– Krishnamacharya’s Overlooked Sources -

from His Bibliography of  Source texts from the Yoga Makaranda (1934).

* To peruse the complete list of source texts referenced in this course, click here. *

“This is a padded bibliography with works referred to that have nothing to do with the tradition that he is teaching in. He has included material on yogic practices from these academic sources in his text without knowing an actual tradition of teaching connectedwith the practice.”  -Walter Sjoman, Yoga of the Mysore Palace (1996). This stance is replicated in Mark Singleton’s Yoga Body (footnote #7, p. 22)

Manuscript of the Nāradīya Tantra

Manuscript of the Nāradīya Tantra

 

The following are the  30 āsanas  engaged as Kāranas (moving postures) in this highest Yoga Sādhana of our revelation (śāstra)….at the  juncture of dawn, the  aṣṭāṅga praṇāma is to be physically engaged within the circumambulation of the maṇḍala. The Yogin is to perform the namaskāra  lowering to the earth in the shape of a staff (= caturanga daṇḍāsana). With his head, chest, and knees in a straight line, and with great devotional focus, he falls to the earth engaging the eight-part prostration (aṣṭāṅga praṇāma), led with his head first….” 

- Nāradīya Tantra, one of Krishnamacharya’s ignored sources.

 

 

 

Krishnamacharya’s Yoga Makaranda Preface with his Bibliography of Sanskrit Sources. Yoga_Makaranda_Small

śrī- hayagrīvāya namaḥ |

savinaya-prārthanāñjali-mudrā-pūrvaka-samarpaṇam |

“Salutations to Lord Hayagrīva. This is [my Humble dedication, made with palms placed in añjali-mudrā (prayer pose).”

This book contains the essential concepts from many texts of antiquity listed below I have studied the texts under the blessing of a great teacher and have explained the truths contained in them that I have personally experienced. In preparation for this book, the  following texts served as [my] authority…”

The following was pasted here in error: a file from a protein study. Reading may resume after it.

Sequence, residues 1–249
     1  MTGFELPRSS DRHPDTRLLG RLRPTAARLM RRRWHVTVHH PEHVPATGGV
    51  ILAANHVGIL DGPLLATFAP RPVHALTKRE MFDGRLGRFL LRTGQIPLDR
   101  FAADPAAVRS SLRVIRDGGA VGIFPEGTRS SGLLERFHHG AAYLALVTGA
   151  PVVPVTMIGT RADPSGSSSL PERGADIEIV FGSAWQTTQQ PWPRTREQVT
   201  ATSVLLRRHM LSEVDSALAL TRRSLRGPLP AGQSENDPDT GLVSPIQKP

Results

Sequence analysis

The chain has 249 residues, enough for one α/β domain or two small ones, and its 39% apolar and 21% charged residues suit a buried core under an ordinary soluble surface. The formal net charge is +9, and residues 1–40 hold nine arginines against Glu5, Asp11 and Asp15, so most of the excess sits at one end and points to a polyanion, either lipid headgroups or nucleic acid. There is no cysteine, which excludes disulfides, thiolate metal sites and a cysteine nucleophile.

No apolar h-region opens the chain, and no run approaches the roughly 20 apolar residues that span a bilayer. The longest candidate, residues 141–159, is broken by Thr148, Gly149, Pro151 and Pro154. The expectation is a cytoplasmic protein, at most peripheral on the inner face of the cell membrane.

– T. Krishnamacharya, from the Preface to his Yoga Makaranada (1934).

 

Bibliography of Krishnamacharya‘s Sanskrit Sources listed in his Yoga Makaranda.

1. Rāja Yoga Ratnākara        2. Haṭha Yoga Pradīpikā        3. Yogasāra Mārga       4. Yoga-Phala-Pradīpikā

5. Rāvana Nāḍī (Nadi Pariksa of Ravana)   6. Bhairava Kalpam   7. Śrī Tattva Nidhi    8. Yoga-ratna-kāṇḍa

9. Mano Nārāyaṇīya   10. Rudra Yāmala    11. Brahma Yāmala    12. Atharvaṇa Rahasya

13. Patañjala Yoga Darśana   14. Kapila Sūtram      15. Yoga-Yājñavalkya     16. Gheraṇḍa Saṃhitā

17. Nārada Pañcarātra Saṃhitā      18. Sātvata Saṃhitā     19. Sūta Saṃhitā     20. Dhyāna Bindu Upaniṣad

21. Śāṇḍilya Upaniṣad   22. Yoga Śikha Upaniṣad     23. Yoga Kuṇḍalī Upaniṣad    24. Ahir Budhni Saṃhitā 

25. Nāda Bindu Upaniṣad    26. Amṛta Bindu Upaniṣad    27. Garbha Upaniṣad

 

– Krishnamacharya’s list of texts above  includes the following six overlooked Tantric ‘Yoga Shāstras,’ which date from between the 9th and 14th centuries.  These total  more than *74,000* verses,  include numerous variations of Sūrya Namaskāra, and present more than 200 āsanas in different groups of classification. As Tantras (‘Revealed Scriptures’) they also present  Vinyāsa in which these are to be engaged, as this course will show.

1. Nārada Pañcarātra Saṃhitā (-Tantra). 

* Pre- 14th century; more than 32,000 verses. Perhaps the most influential of his sources, the Nāradā Saṃhitā, ak.a. the Nārada Purāṇa, is most commonly referred to known  as the Nāradīya Tantra.  It contains an entire chapter on the worship of Krishnamacharya’s Chosen Deity, Hayagrīva, whose seed mantras are still used in the practice of Sūṛya Namaskāra today (hrāṃ, hrīm, hrūm, etc.)  It was first published in 1927.
 

2. Ahir Budhni Saṃhitā (-Tantra)

* 12th-14th centuries;  4500 verses; published in 1916.

3. Sātvata Saṃhitā  

* pre-10th century; 5,625 verses; published in 1982. The Oldest of Krishnamacharya’s Vaiṣṇava sources.

4. Rudra Yāmala Tantra    

* pre-15th century; 9000+ verses; published in the 1960s?

4. Sūta Saṃhitā (-Tantra)

* written before 1300 A.D. 3000+ verses; first published in1893. 

5. Brahma Yāmala Tantra

* ca. 7th century; 20,000 verses (unpublished).